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Presenter(s): Margaret Kenna; Amanda M Griffin; Charlotte Morse-Fortier; Kelly N Jahn; David Faller; Julie Gayle Arenberg; Michael A Cohen; Elizabeth DesRoche
Credit(s): PDHs: 0.5, ASHA CEUs*: 0.05
Summary: There is evidence that many factors contribute to the varied performance outcomes among pediatric cochlear implant (CI) recipients, including etiology and quality of the electrode neuron interfaces (ENI). This course examines a study that investigated the intersection of these factors by analyzing the records and device settings for 156 children with confirmed diagnoses of either enlarged vestibular aqueduct (EVA) or Connexin-26 mutations.
Presenter(s): Georgia Cambridge; Tracey Taylor; Wayne Wilson; Wendy Arnott
Credit(s): PDHs: 0.5, ASHA CEUs*: 0.05
Summary: This course presents a systematic review that aimed to answer the PICO-format clinical research question: For adults with cochlear implants and severe to profound postlingual sensorineural hearing loss, is auditory training effective in improving listening outcomes?
Presenter(s): Wendy Jennejahn, MS, CCC-SLP
Credit(s): PDHs: 2.0, ASHA CEUs*: 0.2
Summary: SLPs who work with children with feeding disorders often face challenges when managing oral hypersensitivities or advancing a child’s diet due to refusal behaviors. This on demand webinar explores the question, “What can I do when oral-sensory-motor deficits and difficult behaviors intersect?” The speaker discusses factors to consider when evaluating children with behavioral feeding disorders as well as uses video examples to illustrate and discuss various treatment strategies.
Presenter(s): Christine Sapienza, PhD, CCC-SLP
Credit(s): PDHs: 2.0, ASHA CEUs*: 0.2
Summary: Behavioral interventions that provide a calibrated mode for strengthening inspiratory and expiratory muscles are limited and often non-evidence-based. This on demand webinar discusses the evidence base for respiratory muscle strength training (RMST) devices and shares the assessment and treatment protocols necessary for valid implementation of respiratory muscle strength training protocols. The course will be useful for SLPs working in health care settings treating acute and chronic conditions that impact the functions of breathing, coughing, swallowing, and vocalizing that result from skeletal muscle weakness.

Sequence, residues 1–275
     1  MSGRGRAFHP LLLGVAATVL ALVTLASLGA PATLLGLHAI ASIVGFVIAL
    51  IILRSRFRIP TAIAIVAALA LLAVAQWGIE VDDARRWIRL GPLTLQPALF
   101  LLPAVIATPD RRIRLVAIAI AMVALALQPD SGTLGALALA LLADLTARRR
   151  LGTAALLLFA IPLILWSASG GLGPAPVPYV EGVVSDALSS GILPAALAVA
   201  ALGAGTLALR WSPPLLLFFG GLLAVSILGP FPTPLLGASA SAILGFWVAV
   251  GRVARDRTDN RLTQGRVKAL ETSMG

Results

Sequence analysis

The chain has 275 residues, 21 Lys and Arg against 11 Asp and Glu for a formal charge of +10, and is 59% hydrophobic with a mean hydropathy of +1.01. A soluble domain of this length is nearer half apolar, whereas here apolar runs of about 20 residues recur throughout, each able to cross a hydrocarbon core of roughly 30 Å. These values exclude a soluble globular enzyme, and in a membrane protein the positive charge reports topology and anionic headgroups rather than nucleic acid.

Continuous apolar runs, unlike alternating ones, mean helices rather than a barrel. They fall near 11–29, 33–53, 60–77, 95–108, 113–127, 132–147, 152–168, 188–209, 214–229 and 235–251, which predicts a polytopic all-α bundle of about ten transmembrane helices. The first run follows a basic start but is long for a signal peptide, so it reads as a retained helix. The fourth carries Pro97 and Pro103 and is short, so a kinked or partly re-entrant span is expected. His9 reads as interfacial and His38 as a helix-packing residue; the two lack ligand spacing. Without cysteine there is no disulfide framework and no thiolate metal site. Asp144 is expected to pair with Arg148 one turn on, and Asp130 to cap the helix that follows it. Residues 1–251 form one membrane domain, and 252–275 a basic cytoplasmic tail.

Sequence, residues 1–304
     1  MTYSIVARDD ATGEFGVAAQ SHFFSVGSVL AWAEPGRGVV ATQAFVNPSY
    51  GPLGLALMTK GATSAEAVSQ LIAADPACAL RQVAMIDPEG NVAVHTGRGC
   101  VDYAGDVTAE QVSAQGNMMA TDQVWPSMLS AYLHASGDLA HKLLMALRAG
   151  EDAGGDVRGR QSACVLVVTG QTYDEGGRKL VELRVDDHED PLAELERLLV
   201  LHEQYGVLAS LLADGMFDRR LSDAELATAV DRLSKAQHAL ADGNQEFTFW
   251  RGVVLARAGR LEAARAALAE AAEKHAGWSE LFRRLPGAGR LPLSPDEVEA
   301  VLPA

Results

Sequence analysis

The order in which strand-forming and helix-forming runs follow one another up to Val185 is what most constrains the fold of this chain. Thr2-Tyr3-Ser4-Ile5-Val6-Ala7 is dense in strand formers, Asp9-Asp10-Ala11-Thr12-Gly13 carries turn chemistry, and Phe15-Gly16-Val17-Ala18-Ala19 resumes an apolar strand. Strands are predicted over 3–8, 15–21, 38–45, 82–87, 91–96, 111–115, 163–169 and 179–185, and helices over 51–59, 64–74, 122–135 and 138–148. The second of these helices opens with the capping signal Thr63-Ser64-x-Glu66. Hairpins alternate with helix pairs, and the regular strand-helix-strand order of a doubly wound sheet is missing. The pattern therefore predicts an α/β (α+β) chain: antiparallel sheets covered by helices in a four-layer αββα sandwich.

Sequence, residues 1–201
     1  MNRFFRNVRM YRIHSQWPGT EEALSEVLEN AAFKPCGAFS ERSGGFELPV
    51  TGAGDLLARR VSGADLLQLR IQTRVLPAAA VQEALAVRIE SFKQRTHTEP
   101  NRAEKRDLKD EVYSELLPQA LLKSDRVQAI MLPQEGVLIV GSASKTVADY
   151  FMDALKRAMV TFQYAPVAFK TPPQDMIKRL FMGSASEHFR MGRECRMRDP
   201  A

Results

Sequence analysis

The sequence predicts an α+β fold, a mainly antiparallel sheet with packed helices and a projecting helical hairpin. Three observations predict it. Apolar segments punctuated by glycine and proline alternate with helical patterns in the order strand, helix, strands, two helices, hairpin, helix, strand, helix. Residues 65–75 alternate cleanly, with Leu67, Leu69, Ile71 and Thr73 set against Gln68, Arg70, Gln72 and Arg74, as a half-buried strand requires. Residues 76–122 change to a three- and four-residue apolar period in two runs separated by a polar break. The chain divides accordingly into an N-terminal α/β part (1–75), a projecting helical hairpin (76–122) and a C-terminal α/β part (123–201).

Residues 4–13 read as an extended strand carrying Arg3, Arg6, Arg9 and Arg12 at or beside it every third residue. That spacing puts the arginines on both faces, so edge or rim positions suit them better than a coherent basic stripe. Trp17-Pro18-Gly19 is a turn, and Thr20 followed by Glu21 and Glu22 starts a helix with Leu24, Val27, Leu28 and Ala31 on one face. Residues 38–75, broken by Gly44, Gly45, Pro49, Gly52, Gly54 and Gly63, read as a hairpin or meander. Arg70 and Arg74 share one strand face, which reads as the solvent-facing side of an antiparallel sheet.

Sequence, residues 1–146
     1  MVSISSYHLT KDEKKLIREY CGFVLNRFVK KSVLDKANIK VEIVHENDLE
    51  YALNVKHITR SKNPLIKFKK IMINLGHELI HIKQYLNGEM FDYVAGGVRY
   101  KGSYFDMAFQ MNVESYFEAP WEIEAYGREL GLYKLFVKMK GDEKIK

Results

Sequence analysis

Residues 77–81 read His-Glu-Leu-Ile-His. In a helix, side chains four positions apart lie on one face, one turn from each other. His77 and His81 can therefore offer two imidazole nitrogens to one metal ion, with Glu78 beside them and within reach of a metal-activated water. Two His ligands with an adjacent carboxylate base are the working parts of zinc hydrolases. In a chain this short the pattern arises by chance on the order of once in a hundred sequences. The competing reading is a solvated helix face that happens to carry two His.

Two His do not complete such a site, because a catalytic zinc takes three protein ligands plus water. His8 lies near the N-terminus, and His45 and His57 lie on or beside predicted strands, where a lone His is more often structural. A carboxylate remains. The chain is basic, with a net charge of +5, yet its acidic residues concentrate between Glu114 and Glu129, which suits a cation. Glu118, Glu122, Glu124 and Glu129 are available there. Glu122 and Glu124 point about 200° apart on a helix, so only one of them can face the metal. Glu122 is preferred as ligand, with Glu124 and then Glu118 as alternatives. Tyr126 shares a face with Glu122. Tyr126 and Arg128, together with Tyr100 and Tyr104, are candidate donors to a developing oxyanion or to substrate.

Presenter(s): Kendrea L. (Focht) Garand, PhD, CScD, CCC-SLP, BCS-S, CBIS, CCRE
Credit(s): PDHs: 2.0, ASHA CEUs*: 0.2
Summary: This on demand webinar addresses the clinical utility of a clinical swallow examination (CSE) for individuals with suspected swallowing impairment. The speaker discusses the power of the CSE, which comes from employing a systematic assessment to enhance clinical decision-making. The webinar dives into the critical components for a multidimensional CSE applicable across patient populations and settings.
Credit(s): PDHs: 6.5, ASHA CEUs*: 0.65
Summary: This journal self-study course explores best practices for dysphasia assessment and recent innovations in dysphagia treatment. The articles – from an American Journal of Speech-Language Pathology special issue “Select Papers From the 2018 Charleston Swallowing Conference at Northwestern University” – will help SLPs develop a deeper understanding of how to select appropriate treatment techniques, as well as why those techniques can be impactful in improving swallowing function. The articles delve deeply into past, current, and future treatment approaches for dysphagia and will be helpful for established clinicians as well as those who are new to the field of dysphagia assessment and treatment.
Presenter(s): Paula Leslie, PhD, MA Bioethics, FRCSLT, CCC-SLP
Credit(s): PDHs: 1.0, ASHA CEUs*: 0.1
Summary: SLPs’ work with patients with complex medical conditions and their families, and the focus is often on the initial or acute stages of conditions that affect eating, drinking, and swallowing. This session addresses how SLPs can ensure best practice in the longer-term. The speaker addresses the importance of understanding how a patient’s dysphagia fits into the bigger medical and quality-of-life picture, backed by bioethical considerations and evidence. The session discusses how SLPs are not just one cog in a complex, interprofessional machine, but often the linchpin for optimal care of the patient and their family.
Presenter(s): Ashwini Namasivayam-MacDonald, PhD, CCC-SLP
Credit(s): PDHs: 1.0, ASHA CEUs*: 0.1
Summary: The COVID-19 pandemic has impacted our patients in unusual ways. Patients with COVID-19 can present with a variety of symptoms: from loss of taste and smell, to fatigue, shortness of breath, and coughing. This session reviews current available evidence regarding best practices for dysphagia management for patients with COVID-19 in acute care and during their rehabilitation, including working through a case study.
Presenter(s): Molly A. Knigge, MS, CCC-SLP, BCS-S
Credit(s): PDHs: 1.0, ASHA CEUs*: 0.1
Summary: Dysphagia may be caused by many underlying medical etiologies, and the hospital-based SLP must navigate a comprehensive world of medical diagnoses and be prepared to accurately evaluate and plan dysphagia treatment. This session presents a model for using medical chart review, online resources, swallow mechanism knowledge, and cultivated diagnostic and treatment skills to approach dysphagia in patients with any medical diagnosis.
Credit(s): PDHs: 2.5, ASHA CEUs*: 0.25
Summary: Clinical practice for SLPs in health care settings has changed dramatically – and continues to evolve – due to the COVID-19 pandemic. This journal self-study highlights evidence-based best practices and considerations for clinicians providing care to patients with voice and upper airway disorders, tracheostomy, and head and neck cancer during the COVID-19 pandemic to maximize patient and clinician safety while ensuring efficacious care.
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